by EBSCO Medical Review Board
(DDH; Congenital Dysplasia/Dislocation of the Hip [CDH]; Congenital Dysplasia of the Hip; Congenital Dislocation of the Hip; Congenital Subluxability of the Hip; Congenital Hip Dysplasia; Congenital Hip Dislocation; Congenital Hip Subluxability; Dysplasia of the Hip, Developmental)


Developmental dysplasia of the hip (DDH) is a problem with how a child's thigh bone fits into the cup-shaped area on the pelvis. Problems may include:

  • The ball of the thigh is loose inside the cup of the pelvis, making the hip unstable
  • The ball moves easily out of the cup, causing the hip to dislocate
  • The ball and cup do not meet
  • The cup is not shaped correctly
The Hip Joint
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DDH is caused by how the baby is positioned in the womb.

Risk Factors

This problem is more common in newborns. It is also more common in girls. Things that may raise the risk are:

  • Breech birth (feet first)
  • Low levels of amniotic fluid during pregnancy
  • Using incorrect swaddling positions
  • Family history of DDH


DDH can make the hip unstable and loose. The problem is more common in the left hip, but both hip joints can also be affected. Symptoms may depend on the age of the child. Problems may be:

  • Uneven folds in a newborn's thigh or hip
  • Problems with motion and flexibility around the time a baby learns to crawl
  • One leg that is shorter than the other
  • Limping, lurching, walking on toes, or other unevenness when a child walks


DDH may be found when a baby is born or during a physical exam. The exam will focus on your child's hips.

Images may be taken of your child's hip. This can be done with:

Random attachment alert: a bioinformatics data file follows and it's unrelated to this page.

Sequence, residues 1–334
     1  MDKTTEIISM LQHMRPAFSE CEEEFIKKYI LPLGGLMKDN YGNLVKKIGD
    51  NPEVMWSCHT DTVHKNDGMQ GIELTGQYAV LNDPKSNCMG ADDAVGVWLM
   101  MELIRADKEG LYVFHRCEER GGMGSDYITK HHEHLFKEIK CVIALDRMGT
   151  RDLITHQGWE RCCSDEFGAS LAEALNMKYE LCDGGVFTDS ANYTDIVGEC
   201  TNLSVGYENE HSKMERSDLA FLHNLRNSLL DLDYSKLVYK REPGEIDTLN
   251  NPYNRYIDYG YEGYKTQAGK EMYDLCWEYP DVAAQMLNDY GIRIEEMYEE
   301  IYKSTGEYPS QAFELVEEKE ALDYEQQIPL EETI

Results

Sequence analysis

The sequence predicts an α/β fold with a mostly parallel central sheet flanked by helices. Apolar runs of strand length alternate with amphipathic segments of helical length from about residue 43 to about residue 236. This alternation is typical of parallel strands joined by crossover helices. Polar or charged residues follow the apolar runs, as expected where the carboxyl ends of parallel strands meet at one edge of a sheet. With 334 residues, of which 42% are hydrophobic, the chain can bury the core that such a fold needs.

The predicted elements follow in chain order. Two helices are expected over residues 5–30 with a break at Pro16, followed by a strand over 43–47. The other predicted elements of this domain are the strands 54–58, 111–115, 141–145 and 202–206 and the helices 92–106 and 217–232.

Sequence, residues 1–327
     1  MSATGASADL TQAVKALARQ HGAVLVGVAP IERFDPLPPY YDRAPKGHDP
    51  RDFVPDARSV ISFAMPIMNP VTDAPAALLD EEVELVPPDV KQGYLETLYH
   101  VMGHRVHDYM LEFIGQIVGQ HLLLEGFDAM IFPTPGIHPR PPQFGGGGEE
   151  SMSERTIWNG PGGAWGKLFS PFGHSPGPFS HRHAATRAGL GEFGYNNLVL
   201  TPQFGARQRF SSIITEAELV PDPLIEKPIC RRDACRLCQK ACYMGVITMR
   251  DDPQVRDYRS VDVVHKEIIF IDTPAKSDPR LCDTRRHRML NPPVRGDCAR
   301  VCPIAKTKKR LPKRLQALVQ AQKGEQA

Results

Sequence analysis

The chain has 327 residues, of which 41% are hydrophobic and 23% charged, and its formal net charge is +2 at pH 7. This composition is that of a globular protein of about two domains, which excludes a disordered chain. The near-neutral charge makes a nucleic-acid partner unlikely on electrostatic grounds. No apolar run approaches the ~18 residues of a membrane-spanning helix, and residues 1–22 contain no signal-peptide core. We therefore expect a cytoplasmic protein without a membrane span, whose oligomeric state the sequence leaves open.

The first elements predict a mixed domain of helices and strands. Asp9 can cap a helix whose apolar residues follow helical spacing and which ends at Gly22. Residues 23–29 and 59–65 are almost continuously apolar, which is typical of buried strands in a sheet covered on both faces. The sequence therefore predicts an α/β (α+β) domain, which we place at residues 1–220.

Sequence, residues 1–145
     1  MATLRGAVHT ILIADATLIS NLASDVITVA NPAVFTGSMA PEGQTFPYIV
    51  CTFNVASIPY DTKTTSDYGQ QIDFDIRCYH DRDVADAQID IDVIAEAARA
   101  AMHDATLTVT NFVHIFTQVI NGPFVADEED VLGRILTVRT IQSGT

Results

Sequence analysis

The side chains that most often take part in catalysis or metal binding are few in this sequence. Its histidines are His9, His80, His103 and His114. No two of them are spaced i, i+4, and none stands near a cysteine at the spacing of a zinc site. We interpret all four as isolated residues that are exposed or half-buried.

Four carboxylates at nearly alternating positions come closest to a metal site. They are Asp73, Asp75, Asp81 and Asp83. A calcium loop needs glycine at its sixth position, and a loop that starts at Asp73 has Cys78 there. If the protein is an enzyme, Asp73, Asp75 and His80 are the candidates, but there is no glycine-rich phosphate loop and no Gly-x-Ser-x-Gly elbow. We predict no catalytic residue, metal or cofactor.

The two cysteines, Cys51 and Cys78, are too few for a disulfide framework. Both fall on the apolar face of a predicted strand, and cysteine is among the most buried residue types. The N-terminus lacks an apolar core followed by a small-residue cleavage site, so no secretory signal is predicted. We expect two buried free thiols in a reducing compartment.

The goal of treatment is for the hip to be in the correct position. How it is done depends on the child's age. Options are:

  • Watchful waiting of newborns to see if the problem gets better
  • A harness to keep a newborn or baby's hip in place
  • Adjusting the hip bones and applying a lower body cast
  • Hip surgery and a lower body cast


Avoiding tight swaddling positions may lower the risk in some children.


Healthy Children—American Academy of Pediatrics 

OrthoInfo—American Academy of Orthopaedic Surgeons 


Canadian Institute of Child Health 

Canadian Paediatric Society 


Bittersohl B, Hosalkar HS, et al. Surgical treatment of hip dysplasia in children and adolescents. Orthop Clin North Am. 2012 Jul;43(3):301-315.

Developmental dysplasia of the hip. EBSCO DynaMed website. Available at: . Updated February 22, 2017. Accessed July 30, 2020.

Developmental dysplasia of the hip. Ortho Info—American Academy of Orthopedic Surgeons website. Available at: Updated January 2018. Accessed July 30, 2020.

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